“On this particular property, we had a lot of wetlands to be concerned with,” Nicklaus remembered. “We also had a lot of septic drain fields to work around. You obviously want to respect what vegetation you have on the property that is significant, and the Washington area is always a challenge in choosing the right grasses for the course because of the nature of the climate – it’s kind of a transition between north and south.”

Nicklaus should be familiar with Creighton Farms’ unique ‘problems,’ since he made ten or twelve visits to the site over the course of construction, and likes to stay involved with all of the ‘on top of the ground’ matters when the holes are being built. He’ll leave the engineering and drainage issues to the on-site managers, but when it comes to the width of fairways, slope of greens or placement of the bunkers, he takes it personally.

The long and challenging par five 7th hole will test you on all three shots to the green.

Though he doesn’t necessarily get involved with the ‘plumbing,’ Nicklaus says the below ground issues sometimes influence the golf design. Creighton Farms’ fairways are shaped such that finding a perfectly flat lie is fairly difficult – but there’s also a practical reason for it.

“We want a 2 to 3% pitch in all areas of your fairways so the water will move off when it rains – the last thing that we want is a soggy golf course, and we get some pretty heavy downpours in this area. But the golf course drains fabulously because through the slopes, we’re able to steer the water towards the natural or man-made basins,” Nicklaus explained.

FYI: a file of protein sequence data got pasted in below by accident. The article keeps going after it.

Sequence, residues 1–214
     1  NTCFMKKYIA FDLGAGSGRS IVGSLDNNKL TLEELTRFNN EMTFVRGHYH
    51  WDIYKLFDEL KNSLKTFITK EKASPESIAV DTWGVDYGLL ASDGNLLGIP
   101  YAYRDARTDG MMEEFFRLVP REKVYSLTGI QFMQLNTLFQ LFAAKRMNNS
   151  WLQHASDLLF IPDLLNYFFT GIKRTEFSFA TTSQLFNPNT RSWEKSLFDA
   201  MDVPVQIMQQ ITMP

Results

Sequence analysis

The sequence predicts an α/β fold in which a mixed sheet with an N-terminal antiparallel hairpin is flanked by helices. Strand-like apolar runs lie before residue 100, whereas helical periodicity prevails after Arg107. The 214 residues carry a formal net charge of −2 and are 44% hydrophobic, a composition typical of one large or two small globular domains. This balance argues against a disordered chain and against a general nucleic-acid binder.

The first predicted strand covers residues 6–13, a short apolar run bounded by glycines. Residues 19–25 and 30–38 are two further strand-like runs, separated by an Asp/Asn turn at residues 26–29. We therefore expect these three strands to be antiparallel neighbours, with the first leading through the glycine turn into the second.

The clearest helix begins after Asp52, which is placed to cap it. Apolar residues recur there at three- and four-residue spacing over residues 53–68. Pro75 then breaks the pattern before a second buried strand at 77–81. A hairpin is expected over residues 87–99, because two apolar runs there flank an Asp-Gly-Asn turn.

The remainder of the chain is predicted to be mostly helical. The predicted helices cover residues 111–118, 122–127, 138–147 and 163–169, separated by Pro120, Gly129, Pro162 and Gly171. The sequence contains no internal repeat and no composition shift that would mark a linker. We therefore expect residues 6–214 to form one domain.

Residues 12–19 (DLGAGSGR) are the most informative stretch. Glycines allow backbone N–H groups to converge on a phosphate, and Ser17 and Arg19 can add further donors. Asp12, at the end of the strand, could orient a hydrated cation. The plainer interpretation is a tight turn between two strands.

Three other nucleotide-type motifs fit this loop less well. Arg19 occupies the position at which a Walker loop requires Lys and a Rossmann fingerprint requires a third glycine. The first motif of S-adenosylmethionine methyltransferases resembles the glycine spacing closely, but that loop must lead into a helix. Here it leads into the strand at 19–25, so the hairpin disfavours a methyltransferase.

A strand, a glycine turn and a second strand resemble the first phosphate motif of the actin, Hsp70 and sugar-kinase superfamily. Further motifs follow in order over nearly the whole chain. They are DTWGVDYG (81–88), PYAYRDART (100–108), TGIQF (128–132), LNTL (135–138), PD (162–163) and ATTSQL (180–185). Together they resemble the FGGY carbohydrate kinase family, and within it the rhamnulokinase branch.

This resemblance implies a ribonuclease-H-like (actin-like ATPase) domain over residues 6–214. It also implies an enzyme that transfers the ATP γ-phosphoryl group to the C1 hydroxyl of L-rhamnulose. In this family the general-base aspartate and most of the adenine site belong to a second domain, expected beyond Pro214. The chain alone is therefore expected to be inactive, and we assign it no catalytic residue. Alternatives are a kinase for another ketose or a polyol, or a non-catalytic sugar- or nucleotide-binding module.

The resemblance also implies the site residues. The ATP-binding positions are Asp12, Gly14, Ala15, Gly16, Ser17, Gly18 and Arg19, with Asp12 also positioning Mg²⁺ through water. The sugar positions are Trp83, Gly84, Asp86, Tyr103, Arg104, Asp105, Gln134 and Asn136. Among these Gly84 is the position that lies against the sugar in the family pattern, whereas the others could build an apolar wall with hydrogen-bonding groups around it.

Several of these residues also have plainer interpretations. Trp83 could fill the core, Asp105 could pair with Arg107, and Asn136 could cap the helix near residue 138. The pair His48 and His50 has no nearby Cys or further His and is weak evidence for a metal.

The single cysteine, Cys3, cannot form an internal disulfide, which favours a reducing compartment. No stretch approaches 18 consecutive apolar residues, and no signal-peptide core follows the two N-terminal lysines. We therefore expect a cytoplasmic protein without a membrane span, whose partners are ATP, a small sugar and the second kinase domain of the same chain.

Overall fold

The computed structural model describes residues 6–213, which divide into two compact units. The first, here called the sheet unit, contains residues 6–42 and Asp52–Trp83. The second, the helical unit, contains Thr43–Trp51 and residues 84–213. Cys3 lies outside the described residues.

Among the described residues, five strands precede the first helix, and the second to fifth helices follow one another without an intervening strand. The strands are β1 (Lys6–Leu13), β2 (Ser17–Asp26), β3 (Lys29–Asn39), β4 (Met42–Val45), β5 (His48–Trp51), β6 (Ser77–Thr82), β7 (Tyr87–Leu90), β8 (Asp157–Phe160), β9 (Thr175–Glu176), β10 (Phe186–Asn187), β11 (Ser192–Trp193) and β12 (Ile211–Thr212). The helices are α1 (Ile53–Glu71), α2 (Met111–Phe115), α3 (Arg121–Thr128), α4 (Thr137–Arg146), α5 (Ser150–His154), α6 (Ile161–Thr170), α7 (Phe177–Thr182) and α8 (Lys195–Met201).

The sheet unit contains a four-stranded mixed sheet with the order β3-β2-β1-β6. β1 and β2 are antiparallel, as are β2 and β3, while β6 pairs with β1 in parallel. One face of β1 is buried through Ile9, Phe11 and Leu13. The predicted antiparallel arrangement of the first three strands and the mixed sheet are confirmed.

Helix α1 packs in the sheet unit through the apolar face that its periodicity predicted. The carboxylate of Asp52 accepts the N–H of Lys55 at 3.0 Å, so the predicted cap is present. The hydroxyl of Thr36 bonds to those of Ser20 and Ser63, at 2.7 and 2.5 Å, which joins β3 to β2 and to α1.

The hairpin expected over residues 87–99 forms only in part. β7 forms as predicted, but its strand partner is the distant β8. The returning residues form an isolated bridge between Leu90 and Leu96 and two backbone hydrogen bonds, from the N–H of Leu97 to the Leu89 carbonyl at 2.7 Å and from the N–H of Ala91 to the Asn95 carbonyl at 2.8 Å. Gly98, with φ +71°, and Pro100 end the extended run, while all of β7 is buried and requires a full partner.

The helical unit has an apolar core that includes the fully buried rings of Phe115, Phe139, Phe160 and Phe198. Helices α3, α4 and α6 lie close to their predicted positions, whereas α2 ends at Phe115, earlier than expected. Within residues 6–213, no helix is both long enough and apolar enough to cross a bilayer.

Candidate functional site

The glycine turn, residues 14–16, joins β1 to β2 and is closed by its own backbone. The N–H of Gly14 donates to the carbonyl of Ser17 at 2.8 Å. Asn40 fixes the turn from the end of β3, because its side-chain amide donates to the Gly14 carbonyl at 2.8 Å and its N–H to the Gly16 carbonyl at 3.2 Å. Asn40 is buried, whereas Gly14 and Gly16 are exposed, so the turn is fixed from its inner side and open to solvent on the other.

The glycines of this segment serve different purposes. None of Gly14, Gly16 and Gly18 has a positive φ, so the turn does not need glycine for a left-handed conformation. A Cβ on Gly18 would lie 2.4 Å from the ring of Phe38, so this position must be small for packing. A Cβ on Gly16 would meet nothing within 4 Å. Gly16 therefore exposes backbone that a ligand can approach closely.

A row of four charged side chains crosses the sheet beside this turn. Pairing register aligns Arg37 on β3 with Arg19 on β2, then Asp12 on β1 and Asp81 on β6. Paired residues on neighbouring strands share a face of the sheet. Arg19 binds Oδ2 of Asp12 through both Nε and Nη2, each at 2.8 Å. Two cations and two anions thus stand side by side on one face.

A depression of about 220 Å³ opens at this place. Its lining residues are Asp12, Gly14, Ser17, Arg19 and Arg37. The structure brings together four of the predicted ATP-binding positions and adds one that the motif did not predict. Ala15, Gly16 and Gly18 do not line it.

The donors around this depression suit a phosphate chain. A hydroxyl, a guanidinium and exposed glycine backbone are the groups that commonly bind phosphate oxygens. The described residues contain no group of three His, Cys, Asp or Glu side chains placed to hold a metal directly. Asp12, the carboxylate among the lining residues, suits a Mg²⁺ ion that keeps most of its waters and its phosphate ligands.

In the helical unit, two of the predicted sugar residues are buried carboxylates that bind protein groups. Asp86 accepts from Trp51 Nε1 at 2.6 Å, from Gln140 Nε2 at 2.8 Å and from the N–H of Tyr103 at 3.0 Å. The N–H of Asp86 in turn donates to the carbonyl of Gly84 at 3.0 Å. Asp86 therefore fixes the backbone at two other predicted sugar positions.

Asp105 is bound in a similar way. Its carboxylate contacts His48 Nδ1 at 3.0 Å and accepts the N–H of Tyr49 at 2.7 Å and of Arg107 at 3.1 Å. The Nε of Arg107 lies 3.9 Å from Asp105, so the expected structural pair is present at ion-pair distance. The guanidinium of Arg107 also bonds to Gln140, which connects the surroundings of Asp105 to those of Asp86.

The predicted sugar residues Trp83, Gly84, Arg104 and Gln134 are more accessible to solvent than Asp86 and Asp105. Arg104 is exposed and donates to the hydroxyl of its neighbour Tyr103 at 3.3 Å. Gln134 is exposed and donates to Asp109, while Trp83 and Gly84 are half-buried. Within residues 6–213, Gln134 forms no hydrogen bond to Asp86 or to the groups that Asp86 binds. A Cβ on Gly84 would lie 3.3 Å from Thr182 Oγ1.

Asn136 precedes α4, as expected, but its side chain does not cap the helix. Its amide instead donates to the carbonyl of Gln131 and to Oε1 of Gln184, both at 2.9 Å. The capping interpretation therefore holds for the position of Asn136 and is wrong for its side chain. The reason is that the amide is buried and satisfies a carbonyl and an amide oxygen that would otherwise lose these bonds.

There's 624-yards of real estate between you and the green on the par five 11th hole, but it's downhill most of the way, and a joy to look at from tee to green.

The movement in the fairways is also part of the ‘style’ of the Creighton Farms course, which Nicklaus says isn’t really like a links course despite the fact that trees don’t come into play very often – he describes the club as having more of a ‘rustic’ flavor.

As far as the golf holes, Nicklaus says variety is what they were after at Creighton Farms. “The property dictates the golf holes to a large degree on every golf course, but you try to create variety wherever you can. You want to create as many dogleg lefts as you have dogleg rights. You want to create water hazards if possible. You try to create as many shots on the right that there are on the left, and you try to create greens that move right and some that move left.”

Greenside at the par four 2nd hole, which at 359-yards is the front nine's shortest par four.

He continues, “You try to keep your par threes going in opposite directions as best you can, and you try to get your par fives going in four different directions if at all practicable.”